There’s also a tenseness. A challenge was finding the balance between the bright, slightly abstract look of the game and the emotional terror Sunita sometimes suffers.
“I think it would have been quite easy to make it into more of a horror game, which is something we wanted to stay away from,” Morwood says. “There are a couple of horror bits, but it’s not a horror game. We tried really hard to avoid that with the color palettes and the music and the slow pace of the game. While you know that she has dementia, you’re focusing on her life outside of that.”
And yet we’re never not aware that Sunita is trapped in her home. Her closet is outfitted with old newspapers that tell of Dylan’s career. Their placement may have once been the work of a proud spouse but now underscore the fragility of the thoughts of our past. There is a panicked moment where Sunita imagines a hole in her hallway and can’t remember where the home’s bathroom is, but the real horror is the realization of how much slips from our minds, even when we are healthy.
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Though it was never intended as such — Ramanan and Morwood created the initial version of “Before I Forget” for a 2016 game jam event in the U.K. city of Bristol — the game feels decidedly relevant today. Now, for instance, as our nation struggles to corral the coronavirus, it’s not uncommon to encounter someone who brushes off the pandemic by telling those who are fearful to simply stay home.
And yet in “Before I Forget” we constantly sense the walls closing in on us, making it clear that such advice is not really tenable. I related to the game not because I had a relative suffer from a form of dementia, but because I haven’t left my apartment in four months. Isolation, and the mind tricks it causes, can be its own form of sickness.
“I never thought of it in terms of people resonating with it in a different way because they have actually experienced that isolation,” says Ramanan, noting we typically associate dementia “with elderly people or sick people or people who are disabled and might not be able to get out as much as they want to or are suffering from mental health issues. That was always the experience of the ‘other’ before, but maybe people can relate to it a bit more now — that loneliness.”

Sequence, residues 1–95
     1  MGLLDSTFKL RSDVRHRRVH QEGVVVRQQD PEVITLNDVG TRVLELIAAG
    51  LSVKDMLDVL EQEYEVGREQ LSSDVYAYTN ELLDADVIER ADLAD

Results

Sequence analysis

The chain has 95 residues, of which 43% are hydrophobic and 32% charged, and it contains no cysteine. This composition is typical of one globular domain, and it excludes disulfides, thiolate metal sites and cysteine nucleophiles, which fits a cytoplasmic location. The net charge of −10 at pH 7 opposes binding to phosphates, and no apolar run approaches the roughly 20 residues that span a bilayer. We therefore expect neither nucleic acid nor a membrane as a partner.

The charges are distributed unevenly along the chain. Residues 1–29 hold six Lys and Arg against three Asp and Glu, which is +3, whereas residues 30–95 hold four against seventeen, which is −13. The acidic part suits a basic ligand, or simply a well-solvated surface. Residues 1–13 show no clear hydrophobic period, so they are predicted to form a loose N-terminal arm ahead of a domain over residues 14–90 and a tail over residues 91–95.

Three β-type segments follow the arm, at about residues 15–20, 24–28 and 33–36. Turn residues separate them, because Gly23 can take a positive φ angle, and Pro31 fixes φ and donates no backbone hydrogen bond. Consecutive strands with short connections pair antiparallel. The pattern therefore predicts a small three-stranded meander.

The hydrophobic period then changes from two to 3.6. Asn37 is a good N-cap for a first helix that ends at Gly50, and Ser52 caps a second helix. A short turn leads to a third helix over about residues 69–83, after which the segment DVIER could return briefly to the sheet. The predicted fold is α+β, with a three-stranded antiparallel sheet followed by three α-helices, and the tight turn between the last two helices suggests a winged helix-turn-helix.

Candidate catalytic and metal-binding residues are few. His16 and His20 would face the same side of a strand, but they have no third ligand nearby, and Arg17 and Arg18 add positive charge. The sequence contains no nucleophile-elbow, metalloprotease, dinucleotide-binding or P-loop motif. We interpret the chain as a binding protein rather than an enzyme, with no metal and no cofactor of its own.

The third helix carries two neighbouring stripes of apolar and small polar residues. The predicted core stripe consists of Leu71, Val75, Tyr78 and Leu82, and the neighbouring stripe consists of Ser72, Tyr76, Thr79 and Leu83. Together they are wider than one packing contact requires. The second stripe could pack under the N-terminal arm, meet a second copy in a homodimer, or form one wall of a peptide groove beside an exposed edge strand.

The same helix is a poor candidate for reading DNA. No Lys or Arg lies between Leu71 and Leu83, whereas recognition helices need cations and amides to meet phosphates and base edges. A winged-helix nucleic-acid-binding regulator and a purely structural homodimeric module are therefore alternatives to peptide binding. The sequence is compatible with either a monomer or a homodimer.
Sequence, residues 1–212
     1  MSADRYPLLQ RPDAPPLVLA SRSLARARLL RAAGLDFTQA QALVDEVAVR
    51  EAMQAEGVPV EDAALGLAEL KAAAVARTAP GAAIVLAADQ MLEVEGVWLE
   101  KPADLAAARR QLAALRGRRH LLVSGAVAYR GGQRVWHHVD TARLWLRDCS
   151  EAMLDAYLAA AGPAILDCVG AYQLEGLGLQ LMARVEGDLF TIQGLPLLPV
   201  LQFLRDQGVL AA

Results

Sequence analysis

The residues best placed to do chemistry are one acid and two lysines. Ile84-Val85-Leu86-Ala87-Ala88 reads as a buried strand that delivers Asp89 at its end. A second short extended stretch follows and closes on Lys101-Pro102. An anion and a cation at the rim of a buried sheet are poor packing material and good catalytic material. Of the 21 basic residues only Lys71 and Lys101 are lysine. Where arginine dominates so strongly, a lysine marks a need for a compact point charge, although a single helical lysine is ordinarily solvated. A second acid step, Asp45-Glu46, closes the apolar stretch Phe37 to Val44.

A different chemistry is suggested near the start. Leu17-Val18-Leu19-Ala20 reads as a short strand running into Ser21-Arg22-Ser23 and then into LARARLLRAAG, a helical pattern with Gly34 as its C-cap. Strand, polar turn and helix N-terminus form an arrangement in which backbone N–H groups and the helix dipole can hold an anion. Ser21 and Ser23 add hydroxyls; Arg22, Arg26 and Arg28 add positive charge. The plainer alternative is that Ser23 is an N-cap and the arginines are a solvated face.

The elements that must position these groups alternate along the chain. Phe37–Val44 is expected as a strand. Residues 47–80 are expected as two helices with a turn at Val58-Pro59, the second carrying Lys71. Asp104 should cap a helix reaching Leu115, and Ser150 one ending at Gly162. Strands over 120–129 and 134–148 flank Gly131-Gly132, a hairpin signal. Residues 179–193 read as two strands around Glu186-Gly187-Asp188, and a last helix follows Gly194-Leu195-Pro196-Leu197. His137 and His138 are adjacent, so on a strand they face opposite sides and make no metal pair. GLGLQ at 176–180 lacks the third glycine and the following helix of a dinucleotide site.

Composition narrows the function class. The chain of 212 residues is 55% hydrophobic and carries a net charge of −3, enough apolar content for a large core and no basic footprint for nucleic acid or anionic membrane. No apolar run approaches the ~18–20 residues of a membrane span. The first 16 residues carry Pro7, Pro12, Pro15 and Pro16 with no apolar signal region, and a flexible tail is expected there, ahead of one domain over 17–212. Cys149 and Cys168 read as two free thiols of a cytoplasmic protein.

It’s key to the game’s appeal.
Often when we discuss games that deal with serious topics, it’s done with the belief that there must be some educational goal, to put us in the mind of another person to create empathy and teach us to understand someone else’s point of view. But that’s not necessarily the intent of “Before I Forget.”
“I’m totally confused by the people who always leveled that assumption at us, that games are somehow too frivolous to tell serious stories, and if they’re doing something serious they must then become a functional tool,” Ramanan says. “That’s a weird disconnect that I don’t understand. I don’t think any other medium has that problem. If you have a film with a person with dementia, you don’t assume it’s to go into schools and care homes to teach about dementia. That sounds ridiculous.”
In fact, neither Ramanan nor Morwood have been close with anyone suffering from dementia. They simply wanted to tell a story that feels like a character study, one that uses a tragedy to celebrate life.
"Before I Forget"